Victor Pretorius (6 September 1928 - 28 December 1989)
Victor Pretorius was born in Randfontein, a town in the former South African province of Transvaal, and matriculated from the Krugersdorp High School in 1945. He interrupted his first year studies at the University of the Witwatersrand to become a big game hunter. After a spell in Mozambique as a professional hunter he returned and registered as a student in agricultural sciences at the University of Pretoria in1947. He decided to change to chemistry and after receiving his BSc (Chemistry and Mathematics) with distinction, he graduated with an MSc in Physical Chemistry with distinction in 1951. He was awarded a Rhodes Scholarship in 1952 and went to study kinetics at Oxford University under Nobel Laureate Sir Cyril Hinshelwood. He returned to his alma mater in 1955 with a DPhil (Oxon), where he progressed from senior lecturer (1957) to the position of professor and head of the Department of Physical and Theoretical Chemistry in 1960 at the youthful age of 32. In 1966 he also became director of the research unit for Chromatography of the Council for Scientific and Industrial Research. From 1975 until his death, he served as director of the Institute for Chromatography at the University of Pretoria.
He was author and co-author of 160 scientific publications, almost exclusively in the field of chromatography, and made contributions to 48 international conferences. He was co-editor of the Journal for High Resolution Chromatography, and was a member of the advisory board of Separation Science and Technology and the Journal of Liquid Chromatography. He was President of the South African Chemical Institute during 1966, and President of the Joint Council of Scientific Societies in 1969. During 1975 he was the President of the Association of Scientific and Technical Societies. He was a director for the Foundation for Education, Science and Technology from 1962, an advisor to the National Chemical Research Laboratories from 1968 to 1970, and the President of the South African Council for Natural Scientists from 1982 till 1989.
He is best remembered for his work on:
• the flame ionization detector (1958)
• turbulent flow chromatography (1965)
• the theory of high performance liquid chromatography (1972)
• investigations on the use of electro-osmotic flow in chromatography (1974).
• More recent contributions were his initiation of a thorough study into the solvent effect in GC-inlet techniques, which culminated in the development of the dynamic solvent effect inlet.
His publications have always been characterized by novel concepts, thorough theoretical foundation and elegant experimental work.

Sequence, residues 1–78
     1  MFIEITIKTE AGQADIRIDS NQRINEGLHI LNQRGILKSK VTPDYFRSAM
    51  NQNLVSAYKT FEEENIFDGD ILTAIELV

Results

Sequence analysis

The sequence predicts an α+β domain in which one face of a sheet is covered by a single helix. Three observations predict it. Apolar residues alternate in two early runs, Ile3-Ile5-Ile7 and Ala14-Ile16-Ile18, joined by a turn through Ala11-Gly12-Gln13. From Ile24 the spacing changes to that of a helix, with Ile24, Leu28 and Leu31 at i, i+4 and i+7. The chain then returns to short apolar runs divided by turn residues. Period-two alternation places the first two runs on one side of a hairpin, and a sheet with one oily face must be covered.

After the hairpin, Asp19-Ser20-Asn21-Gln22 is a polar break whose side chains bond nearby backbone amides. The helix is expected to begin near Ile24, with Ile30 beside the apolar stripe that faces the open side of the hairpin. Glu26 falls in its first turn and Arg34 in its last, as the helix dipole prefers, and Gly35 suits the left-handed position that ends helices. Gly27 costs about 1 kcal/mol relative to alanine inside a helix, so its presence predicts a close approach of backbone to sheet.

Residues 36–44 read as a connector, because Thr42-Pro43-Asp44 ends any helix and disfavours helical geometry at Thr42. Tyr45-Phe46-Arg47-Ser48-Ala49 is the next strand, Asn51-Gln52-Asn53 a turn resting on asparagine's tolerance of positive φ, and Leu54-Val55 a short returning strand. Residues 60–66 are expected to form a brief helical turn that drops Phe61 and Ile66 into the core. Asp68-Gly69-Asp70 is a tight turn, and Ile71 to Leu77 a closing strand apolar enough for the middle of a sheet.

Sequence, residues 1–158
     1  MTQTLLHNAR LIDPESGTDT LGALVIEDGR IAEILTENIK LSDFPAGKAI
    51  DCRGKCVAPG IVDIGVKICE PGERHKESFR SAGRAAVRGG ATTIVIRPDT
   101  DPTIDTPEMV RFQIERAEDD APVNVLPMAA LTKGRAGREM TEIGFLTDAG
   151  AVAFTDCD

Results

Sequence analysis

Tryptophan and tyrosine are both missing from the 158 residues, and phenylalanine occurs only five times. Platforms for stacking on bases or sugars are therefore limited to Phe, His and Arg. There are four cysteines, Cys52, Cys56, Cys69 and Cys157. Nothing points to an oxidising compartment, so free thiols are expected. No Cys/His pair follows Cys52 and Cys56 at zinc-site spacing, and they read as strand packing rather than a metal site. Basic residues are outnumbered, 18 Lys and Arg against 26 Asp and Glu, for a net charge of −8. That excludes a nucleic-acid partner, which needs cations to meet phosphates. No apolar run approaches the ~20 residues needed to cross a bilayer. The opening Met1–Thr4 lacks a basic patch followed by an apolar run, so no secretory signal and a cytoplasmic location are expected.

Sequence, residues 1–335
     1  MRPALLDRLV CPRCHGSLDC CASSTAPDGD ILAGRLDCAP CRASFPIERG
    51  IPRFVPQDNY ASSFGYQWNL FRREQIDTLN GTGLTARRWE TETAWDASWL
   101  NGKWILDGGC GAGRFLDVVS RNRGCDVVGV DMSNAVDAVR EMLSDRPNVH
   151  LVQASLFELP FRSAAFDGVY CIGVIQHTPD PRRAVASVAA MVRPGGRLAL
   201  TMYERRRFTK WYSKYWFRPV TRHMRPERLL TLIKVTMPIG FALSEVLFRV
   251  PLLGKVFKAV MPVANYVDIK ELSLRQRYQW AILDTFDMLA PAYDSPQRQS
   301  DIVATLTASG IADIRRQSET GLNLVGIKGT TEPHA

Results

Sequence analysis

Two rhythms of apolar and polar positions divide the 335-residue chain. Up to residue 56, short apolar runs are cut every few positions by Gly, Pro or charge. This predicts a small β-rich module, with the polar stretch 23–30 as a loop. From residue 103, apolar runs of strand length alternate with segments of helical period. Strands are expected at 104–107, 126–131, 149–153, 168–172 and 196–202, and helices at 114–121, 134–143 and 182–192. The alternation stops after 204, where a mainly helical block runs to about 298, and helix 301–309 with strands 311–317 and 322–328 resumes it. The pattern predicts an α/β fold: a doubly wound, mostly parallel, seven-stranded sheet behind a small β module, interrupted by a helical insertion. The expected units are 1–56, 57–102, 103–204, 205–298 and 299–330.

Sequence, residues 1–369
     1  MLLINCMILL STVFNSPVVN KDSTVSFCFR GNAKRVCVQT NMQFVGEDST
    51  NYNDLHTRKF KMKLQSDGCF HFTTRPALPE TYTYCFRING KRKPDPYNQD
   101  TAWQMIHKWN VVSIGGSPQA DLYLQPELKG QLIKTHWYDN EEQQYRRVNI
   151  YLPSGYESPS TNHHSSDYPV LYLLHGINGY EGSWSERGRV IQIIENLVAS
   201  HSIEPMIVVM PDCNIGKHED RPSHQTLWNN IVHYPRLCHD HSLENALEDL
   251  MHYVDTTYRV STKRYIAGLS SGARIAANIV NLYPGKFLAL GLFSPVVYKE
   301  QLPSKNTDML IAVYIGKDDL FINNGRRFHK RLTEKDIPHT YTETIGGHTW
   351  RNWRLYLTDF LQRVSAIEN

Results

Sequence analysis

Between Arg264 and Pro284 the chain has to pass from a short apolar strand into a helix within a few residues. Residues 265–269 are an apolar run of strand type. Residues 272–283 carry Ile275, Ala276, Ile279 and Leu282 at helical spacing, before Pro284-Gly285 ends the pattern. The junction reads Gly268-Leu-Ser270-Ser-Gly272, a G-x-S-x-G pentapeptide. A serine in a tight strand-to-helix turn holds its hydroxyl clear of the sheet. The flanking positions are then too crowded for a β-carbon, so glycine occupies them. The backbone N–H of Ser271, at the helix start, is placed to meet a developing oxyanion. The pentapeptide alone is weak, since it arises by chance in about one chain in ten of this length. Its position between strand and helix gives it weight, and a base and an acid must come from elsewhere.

During his highly productive and successful research career he received the following awards:
• Carnegie Fellowship (1964),
• AECI Gold Medal (1966),
• Oppenheimer Fellowship (1972),
• Havenga Prize in Chemistry (1972),
• Gold Medal of the South African Chemical Institute (1975),
• Tswett International Medal (1976),
• Chromatography Memorial Medal of the Academy of Sciences, USSR (1978),
• South Africa Medal of the South African Association for the Advancement of Science (1981),
• Claude Harris Leon Foundation Award (1986),
• Honours Award Pretoria Technikon (1987), and the
• University of Pretoria Medal for outstanding academic achievement (1989).
In his native country Prof Pretorius was regarded as South Africa's leading chromatographer and one of its leading scientists. This was reflected by his high rating from the Foundation for Research Development and accounted for his - by local standards - generous research grants. He served on the committees of a multitude of local and international scientific societies and spent a major proportion of his last few years on focused efforts to counter the declining status of science as a career in our country. As part of these efforts the South African Council for Natural Sciences was created of which he became the first president - a position he held up to his death.
Many initiatives in his career were directed at creating sympathetic working environments for intellectuals, passionate scientists, inventors and dreamers. Although his outspoken views were not always popular, he was treated with the highest respect by institutions such as the University of Pretoria and the Foundation for Research Development. This legacy demonstrates that the academically-minded (surely a most appropriate description of Prof Victor Pretorius) is still appreciated by a society which increasingly tends to judge performance by more visible measures than the ideas and dreams he put into the minds of his co-workers, chromatography friends worldwide, and the many others who enjoyed his stimulating company.
He is remembered as a well-spoken, sharp-witted, intellectual with an intense passion for science, technology and discovering the unknown.